ERBIL (Kurdistan 24) – Iraqi police announced the death of two Islamic State "leaders" in the disputed province of Kirkuk on Saturday and the arrest of a former member of the group's feared "Islamic Police" in Mosul.
Security forces continue to hunt down remnants of the extremist organization across the country in attempts to prevent those loyal to it from regrouping and making a resurgence.
Iraq’s Ministry of Interior announced in a statement that “during operations following up and tracing the movement of the ISIS fighters in a village in the subdistrict of Riyaz in Kirkuk, the police force was able to kill two ISIS leaders and destroy their hideout, along with confiscating weapons and explosives inside.”
The ministry gave no additional details regarding the individuals' ranking or responsibilities as "leaders" in the militant group.
On the same day, police to the north in the embattled city of Mosul claimed their forces were able to arrest an Islamic State militant who had been a member of the “Islamic police,” which violently enforced strict codes of conduct on the population during the organization's brutal reign over the city that began in 2014 and lasted for roughly three years.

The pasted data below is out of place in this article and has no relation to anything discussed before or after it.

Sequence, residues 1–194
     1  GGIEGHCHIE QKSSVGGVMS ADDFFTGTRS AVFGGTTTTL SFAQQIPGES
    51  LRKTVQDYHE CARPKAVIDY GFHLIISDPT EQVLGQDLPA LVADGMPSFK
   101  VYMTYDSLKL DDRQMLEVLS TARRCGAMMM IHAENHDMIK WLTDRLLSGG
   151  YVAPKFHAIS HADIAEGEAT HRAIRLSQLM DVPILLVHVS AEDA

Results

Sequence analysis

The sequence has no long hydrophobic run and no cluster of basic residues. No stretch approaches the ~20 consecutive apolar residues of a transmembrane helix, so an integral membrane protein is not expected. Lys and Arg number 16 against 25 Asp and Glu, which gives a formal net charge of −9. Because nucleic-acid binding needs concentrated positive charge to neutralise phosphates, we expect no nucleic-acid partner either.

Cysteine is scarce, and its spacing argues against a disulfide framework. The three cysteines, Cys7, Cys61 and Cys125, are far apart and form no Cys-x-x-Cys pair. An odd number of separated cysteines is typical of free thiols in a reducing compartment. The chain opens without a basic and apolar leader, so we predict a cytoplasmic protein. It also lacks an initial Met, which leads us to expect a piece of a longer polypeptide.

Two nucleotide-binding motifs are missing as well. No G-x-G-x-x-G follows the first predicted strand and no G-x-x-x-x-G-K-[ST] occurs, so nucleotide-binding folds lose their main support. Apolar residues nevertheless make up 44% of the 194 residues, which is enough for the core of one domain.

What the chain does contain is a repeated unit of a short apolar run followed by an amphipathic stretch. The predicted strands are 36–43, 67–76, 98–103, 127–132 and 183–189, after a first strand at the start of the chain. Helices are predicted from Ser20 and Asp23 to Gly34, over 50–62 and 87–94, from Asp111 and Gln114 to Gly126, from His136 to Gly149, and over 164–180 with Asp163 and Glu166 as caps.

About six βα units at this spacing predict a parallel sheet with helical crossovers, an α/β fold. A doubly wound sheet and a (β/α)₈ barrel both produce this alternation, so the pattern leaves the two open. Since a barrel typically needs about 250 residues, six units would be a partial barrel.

The statement added that the suspect was arrested in the al-Quds neighborhood, located on Mosul's eastern side.
Mosul, now largely destroyed, has seen relative stability in recent months, but a presence among the population remains and many residents live in constant fear of attacks by sleeper cells throughout the city and its surroundings.
Baghdad declared an official military victory against the Islamic State in late 2017, but the group continues to launch insurgent attacks, ambushes, and kidnappings across much of the country. Officials from the Kurdistan Region and Iraq have repeatedly warned of a possible resurgence of the terrorist group.
The security void between federal Iraqi security forces and Kurdish Peshmerga forces in many of the territories disputed by Baghdad and Erbil has served to provide cover for Islamic State activity, particularly in inhospitable, rural areas that are hardest for the government to effectively control.
Editing by John J. Catherine